Category Archives: cartoon

Reinforcement Gone WRONG

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Often a chain of actions grows a behavior. Barking, whining, jumping up, mouthing, excitement at the doors … are very commonly increased by chained events and unfortunately most of the time the person doesn’t realize that they are growing the behavior instead of reducing it.

So if your dog is doing something you don’t particularly like and you don’t know why it’s getting worse. Take a look back. Usually two steps of actions back and you then will spot the behavior/reinforcement cycle.

What then? Put more steps into the cycle or take out a step right before or after the dog’s usual action. Example: in the above cycle the dog barked, woke the person up, then got affection or maybe play time outside. Options: 1. ignore barking (earplugs) and wait until it completely stops before getting out of bed … stay neutral (non-reinforcing) until several preferred things have been offered by the dog, or 2. Schedule wake up time earlier, before dog would usually start to bark or whine, then reinforce quiet behavior immediately, or 3. dog barks, you wake up and go to bathroom and dog follows quietly and lays down (no speaking), you go to other room and dog is asked to do a series of behaviors … sit, down, do trick … then gets rewarded with pets and praise (with this, you may be just growing a longer chain, but usually not).

In our house, Jazzie goes over by the stairs and leans against the wall when she wishes to go outside. Or if I’m using the computer, she puts her head on my thigh and waits. I see her there or feel her chin, get up and go outside with her and play flying disk games. Lately she’s been increasing her requests. Why? Because the reinforcement of the game. Why was I playing the game … because it’s winter and I have to get dressed to go outside and so for efficiency sake potty plus game.

Since I don’t want excessive requests … I let her out, said nothing, waited for her to go potty and turned around and came back inside. She didn’t need to go potty, so it was just a game request.

I like her go outside reminders, because sometimes I can get overly involved in reading or work, but I don’t want to have to let her out too frequently. So we just won’t play her favorite games outside unless I’m the one who initiated the trip outdoors. I expect this will reduce her requests. We’ll see.

Have you discovered unintended behavior chains?

 

 

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Mat Games (or how to get a dog to stick to a rug despite the door bell ringing)

Dogs are so bouncy and speedy.  Jazz can go down the six steps to the landing, touching the top step, another step two-thirds down and then she’s barking out the narrow, next-to-the-door window before the second ring. Say her name and she bounds back up the stairs. More action by the door and she’s back down to check it out. If there’s someone staring in, doggie alarm phase two goes off. A little too much action and sound.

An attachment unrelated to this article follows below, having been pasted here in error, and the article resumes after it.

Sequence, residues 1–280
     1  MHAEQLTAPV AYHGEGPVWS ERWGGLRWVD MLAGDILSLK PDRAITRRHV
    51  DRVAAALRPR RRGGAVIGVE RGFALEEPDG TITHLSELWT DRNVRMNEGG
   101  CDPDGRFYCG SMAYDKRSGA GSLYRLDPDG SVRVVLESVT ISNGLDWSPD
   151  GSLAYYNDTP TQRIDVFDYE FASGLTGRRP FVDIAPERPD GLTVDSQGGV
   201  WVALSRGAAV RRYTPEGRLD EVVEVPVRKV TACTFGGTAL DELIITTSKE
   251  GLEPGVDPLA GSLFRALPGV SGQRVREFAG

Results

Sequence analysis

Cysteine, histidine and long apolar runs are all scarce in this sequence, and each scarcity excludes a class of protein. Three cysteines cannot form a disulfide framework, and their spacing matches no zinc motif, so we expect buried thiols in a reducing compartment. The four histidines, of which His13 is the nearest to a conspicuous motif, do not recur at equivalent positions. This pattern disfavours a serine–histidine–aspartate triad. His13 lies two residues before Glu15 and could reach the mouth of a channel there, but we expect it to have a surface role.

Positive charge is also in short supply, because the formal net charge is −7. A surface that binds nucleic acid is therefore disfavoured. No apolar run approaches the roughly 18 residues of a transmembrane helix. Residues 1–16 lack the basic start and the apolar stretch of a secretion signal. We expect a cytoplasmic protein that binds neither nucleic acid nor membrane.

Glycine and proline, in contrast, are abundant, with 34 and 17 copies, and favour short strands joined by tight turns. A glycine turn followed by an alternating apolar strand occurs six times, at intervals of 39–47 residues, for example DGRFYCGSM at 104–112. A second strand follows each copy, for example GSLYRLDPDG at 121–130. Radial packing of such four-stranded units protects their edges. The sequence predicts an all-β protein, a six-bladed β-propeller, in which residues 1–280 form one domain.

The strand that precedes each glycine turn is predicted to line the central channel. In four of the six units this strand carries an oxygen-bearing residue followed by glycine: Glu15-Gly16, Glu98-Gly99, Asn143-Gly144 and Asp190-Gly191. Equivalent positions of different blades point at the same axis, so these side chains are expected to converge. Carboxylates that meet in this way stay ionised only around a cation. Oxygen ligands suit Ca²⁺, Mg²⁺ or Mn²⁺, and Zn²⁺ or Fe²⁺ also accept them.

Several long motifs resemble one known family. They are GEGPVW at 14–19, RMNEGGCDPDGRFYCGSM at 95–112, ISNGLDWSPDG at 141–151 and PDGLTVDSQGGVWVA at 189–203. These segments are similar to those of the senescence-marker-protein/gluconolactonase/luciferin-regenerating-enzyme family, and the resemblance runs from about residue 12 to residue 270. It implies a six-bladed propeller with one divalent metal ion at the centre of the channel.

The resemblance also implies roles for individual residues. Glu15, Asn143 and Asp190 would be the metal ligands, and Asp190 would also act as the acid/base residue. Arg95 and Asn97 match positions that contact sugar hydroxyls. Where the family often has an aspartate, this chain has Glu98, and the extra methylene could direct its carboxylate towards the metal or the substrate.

Enter the plan to stick her to a rug. Glue, weights, magnets, velcro all of which had risks and benefits. I mean, it would have to be special glue, and she’d have to swallow the magnets and what would we do when she sheds off her velcro? And she’s already heavy enough, add weights? Her 35 pound body and springy legs can shift hefty resistance.

I kind of like the harness and pulley, she’s flying like Kathy Rigby plan. Or maybe the automatic appearing slide that reroutes stair goers to the basement, triggering a guillotine gate system blocking their return trip.

Peanut butter – hard to bark when you’re eating peanut butter. Thinking of laser targeted peanut butter delivery.

Management planning: We could block the window, add a gate at the top of the stairs and maybe at the lower level too, and change the sound of the doorbell, but where’s the fun in that?

Think about a doorbell activated dog trapping system – picture Venus flytrap velcro-like action … only faster. Or, I like the doorbell-activated treat dispenser in your princess dog bed, Madame Jazzie.  But she could rush to the afore-mentioned bed, consume her treat and be back at the door, 1, 2, 3. Unless there was the before mentioned guillotine gate or flytrap velcro in the way.

Ah, so what to do? The mundane trainer-ly plans won. Today she was stuck to her rug despite door bells, knocking, yoohoo’s, dancing, people coming and going and other dogs barking. I had a hard time getting her to move off that rug. No glue, no velcro, no guillotine gate or automatic slide, just preference and rewards delivered there over the last three weeks. Two training sessions daily or one or — well whatever, building up the time in place on that ‘special’ rug, the ability to go to her place, and finally, the distractions that might pull her off of her place. Used the Treat & Train, but could have done it by hand. The Treat & Train’s timer and measured system keeps it less random.

cartoon 001What you say? No magic? And she sticks? Yup, she sticks. She can still use more practice, but then can’t we all?